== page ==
And I’m not sure the inflation in the 70s was actually inflation. I think it was more the result of the artificially inflated cost of one significant commodity (oil) working its way through the economy. Technically that is not inflation. But it lead to (stupid) policies that clamped down on the economy as if there were inflation.

  66. 66

    Here’s an interesting article on Seattle’s upcoming education levy. It will be interesting to see how Seattle voters react after the McCleary increases. Note this is not an operating levy, and less than half is going to K-12 because 52% is going to pre-K and then there’s also college scholarships taking up a portion. Be sure to read the opposing piece linked in the article.

    Oh, and finally, I guess we’ll have to wait two years to see how McClearly levels out on taxes, because apparently the legislature passed a temporary measure that will kick in next year. I had missed that.

    https://www.seattletimes.com/education-lab/voters-guide-how-much-will-seattles-education-levy-cost-and-what-exactly-will-it-pay-for/

  67. 67

    By Macro Investor @ 63:

    Why would a slow train convince many drivers to switch?

    I agree with a lot of what you say about light rail. That fares only cover a small portion of cost and that it’s very inflexible and only serves a limited area.

    But this makes me think you’ve never been on light rail. Ignoring the fact that the southern portion is at grade and thus subject to auto accident delays, it is reasonably fast getting into town, particularly if there is traffic. It’s basically an express bus that doesn’t get caught in traffic (absent a train/car accident) and has the ability to change street lights in its favor.

    The main problem is lack of parking for riders, which probably greatly limits the ridership. I went downtown Friday and drove due to concern about finding parking at about 10:30 in the morning. And getting back to the fares, I think my parking was only $7 and the miles driven that much different, so there was no real financial incentive to avoid driving for my short venture into town. The only incentive would be to avoid traffic and parking hassles.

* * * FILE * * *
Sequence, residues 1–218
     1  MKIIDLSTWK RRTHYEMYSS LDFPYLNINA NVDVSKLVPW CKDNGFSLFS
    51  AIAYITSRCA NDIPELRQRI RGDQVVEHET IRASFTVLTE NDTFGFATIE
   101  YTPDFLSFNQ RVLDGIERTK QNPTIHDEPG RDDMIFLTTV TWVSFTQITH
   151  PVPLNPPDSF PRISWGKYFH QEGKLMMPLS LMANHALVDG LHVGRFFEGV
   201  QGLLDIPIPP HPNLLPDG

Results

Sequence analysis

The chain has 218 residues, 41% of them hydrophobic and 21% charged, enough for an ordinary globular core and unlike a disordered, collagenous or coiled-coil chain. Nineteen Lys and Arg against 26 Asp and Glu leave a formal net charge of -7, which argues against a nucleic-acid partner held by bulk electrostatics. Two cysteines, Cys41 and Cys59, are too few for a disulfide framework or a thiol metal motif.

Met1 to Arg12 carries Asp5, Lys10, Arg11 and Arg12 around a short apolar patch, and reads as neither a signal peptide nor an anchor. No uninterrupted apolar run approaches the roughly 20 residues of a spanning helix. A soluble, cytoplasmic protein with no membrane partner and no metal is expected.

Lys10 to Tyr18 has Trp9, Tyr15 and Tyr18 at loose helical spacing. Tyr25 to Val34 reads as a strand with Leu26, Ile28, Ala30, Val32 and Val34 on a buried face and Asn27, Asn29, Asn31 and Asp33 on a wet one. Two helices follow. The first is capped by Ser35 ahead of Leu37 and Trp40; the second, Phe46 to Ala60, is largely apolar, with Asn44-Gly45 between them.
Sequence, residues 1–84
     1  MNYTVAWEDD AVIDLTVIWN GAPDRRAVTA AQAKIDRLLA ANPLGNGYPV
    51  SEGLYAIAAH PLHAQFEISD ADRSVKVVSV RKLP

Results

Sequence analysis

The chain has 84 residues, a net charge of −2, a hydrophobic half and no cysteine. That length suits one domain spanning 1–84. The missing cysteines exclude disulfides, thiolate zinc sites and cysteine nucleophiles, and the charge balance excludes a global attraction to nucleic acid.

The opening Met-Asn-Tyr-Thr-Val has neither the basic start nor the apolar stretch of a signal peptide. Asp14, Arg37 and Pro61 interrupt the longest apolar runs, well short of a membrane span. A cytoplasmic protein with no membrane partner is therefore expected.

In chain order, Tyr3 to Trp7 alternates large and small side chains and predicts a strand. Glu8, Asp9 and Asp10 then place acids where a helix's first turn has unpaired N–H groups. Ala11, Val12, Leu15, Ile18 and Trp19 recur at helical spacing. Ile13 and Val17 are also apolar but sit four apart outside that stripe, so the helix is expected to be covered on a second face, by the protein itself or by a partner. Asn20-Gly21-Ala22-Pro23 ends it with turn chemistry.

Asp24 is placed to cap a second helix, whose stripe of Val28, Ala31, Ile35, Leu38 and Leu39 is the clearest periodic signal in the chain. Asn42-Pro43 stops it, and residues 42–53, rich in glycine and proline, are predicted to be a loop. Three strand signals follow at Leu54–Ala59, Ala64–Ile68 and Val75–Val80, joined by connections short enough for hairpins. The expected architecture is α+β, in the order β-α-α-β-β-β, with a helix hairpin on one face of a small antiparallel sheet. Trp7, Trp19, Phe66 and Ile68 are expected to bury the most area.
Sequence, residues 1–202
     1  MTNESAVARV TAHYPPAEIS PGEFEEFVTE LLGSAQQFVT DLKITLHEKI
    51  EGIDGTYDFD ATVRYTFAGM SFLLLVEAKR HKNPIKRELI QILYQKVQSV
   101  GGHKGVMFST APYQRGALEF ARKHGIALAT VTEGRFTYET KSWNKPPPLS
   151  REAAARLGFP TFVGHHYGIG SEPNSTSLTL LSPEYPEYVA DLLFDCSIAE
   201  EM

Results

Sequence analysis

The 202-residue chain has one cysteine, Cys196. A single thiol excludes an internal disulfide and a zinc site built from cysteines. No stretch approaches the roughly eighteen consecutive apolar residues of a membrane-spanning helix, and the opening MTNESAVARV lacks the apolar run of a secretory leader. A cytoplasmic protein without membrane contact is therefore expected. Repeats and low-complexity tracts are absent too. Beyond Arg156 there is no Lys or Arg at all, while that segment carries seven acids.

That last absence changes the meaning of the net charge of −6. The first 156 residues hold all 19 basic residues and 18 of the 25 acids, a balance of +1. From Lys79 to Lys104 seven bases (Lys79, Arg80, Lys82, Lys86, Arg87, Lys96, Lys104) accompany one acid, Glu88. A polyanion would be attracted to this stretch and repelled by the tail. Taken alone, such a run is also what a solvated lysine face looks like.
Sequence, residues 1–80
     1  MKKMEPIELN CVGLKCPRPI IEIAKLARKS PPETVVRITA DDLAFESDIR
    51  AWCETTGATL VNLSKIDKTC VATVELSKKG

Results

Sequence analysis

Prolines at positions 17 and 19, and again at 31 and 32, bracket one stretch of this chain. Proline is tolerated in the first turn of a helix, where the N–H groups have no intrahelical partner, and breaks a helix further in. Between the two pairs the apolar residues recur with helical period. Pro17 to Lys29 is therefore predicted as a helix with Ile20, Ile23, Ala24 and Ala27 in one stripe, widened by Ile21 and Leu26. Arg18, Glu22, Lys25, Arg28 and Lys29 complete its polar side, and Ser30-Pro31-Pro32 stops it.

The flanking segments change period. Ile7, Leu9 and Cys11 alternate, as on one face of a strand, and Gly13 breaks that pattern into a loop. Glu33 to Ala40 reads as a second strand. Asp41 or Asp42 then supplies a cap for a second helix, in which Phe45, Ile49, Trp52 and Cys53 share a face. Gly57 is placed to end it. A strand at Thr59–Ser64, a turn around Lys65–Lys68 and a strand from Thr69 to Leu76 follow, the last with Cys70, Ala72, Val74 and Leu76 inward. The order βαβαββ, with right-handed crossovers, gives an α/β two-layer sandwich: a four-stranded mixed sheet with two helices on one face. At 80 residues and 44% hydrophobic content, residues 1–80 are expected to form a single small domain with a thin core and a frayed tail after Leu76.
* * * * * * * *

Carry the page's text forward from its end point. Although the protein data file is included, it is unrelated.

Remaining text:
68. 68
    David says:

    RE: Kary L. Krismer @ 66 – If I could vote on Seattle policies, I would YES. Why? Because anything that nails the pocketbook of the same people who could put Ed Murray into office is good by me. And then follow it up with Jenny Durkan. Anything that burdens Seattleites economically and pushes them out in the surrounding cities works to my economic advantage.

    Also, education money is not going to improve anything other than the public-money supported voter pool of Seattle leftists. No amount of education can improve IQs.

  69. 69

    By DavidE @ 64:

    A 1 percent rise in mot rage rates cuts affordability by 8%. 2 percent rise will cut affordability on a 900K home in Seattle by 16%, so prices have to adjust accordingly.

    Incorrect. Prices will be affected by such changes, but they don’t have to adjust “accordingly” you’re looking only looking at one factor that affects prices. Prices are impacted by many things. So if interest rates rise when other factors would trend toward price increases, prices could stay relatively stable or even rise (as occurred back in the late 70s when interest rates skyrocketed well over 10%), or if they rise when other factors are negative for prices the prices could plummet.

  70. 70
    David says:

    RE: pfft @ 62 – You do realize that Trump is going to win again. And that the Dems putting up that malingering liar Ford and the overt racism expressed by the Left is going to doom the Dems for a LOOOONG time.

  71. 71
    David says:

    By Mark @ 61:RE: Macro Investor @ 58
    “In the shorter term, we are nine years into an economic expansion with the Fed in a tightening cycle. ”

    There was actually a recession at the end of Obama’s second term. The expansion is not really 9 years old.

  72. 72

    By David @ 70:

    RE: pfft @ 62 – You do realize that Trump is going to win again. And that the Dems putting up that malingering liar Ford and the overt racism expressed by the Left is going to doom the Dems for a LOOOONG time.

    You do realize that all you watched was political theater, orchestrated by the parties in concert with one other and designed to rile up each of the parties’ respective bases, right? Just as many people who bothered to watch that farce came away thinking Kavanaugh was the liar as thought Ford was the liar. It depended largely on party affiliation, but also gender. And the entire process had nothing to do with determining the facts. It just drug two people through the mud to benefit the political system.

    Unfortunately it also greatly upset a lot of people and drove a lot of people apart. But that’s the world we live in when you can pick your news sources and websites by their political leaning and get spoon fed information consistent with the way you already think. Anything contrary will upset you. And I’m coming to the conclusion that liberals tend to get more upset than conservatives at opposing views, possibly because their positions are more based on logic than staunch ideology. They are more likely to question the basis of their positions, and thus get upset.

  73. 73

    By David @ 71:

    There was actually a recession at the end of Obama’s second term. The expansion is not really 9 years old.

    Why do you keep repeating that? A miniscule insignificant decline one quarter is not a recession by any definition of the word.

    https://tradingeconomics.com/united-states/gross-national-product

  74. 74
    Benvolio says: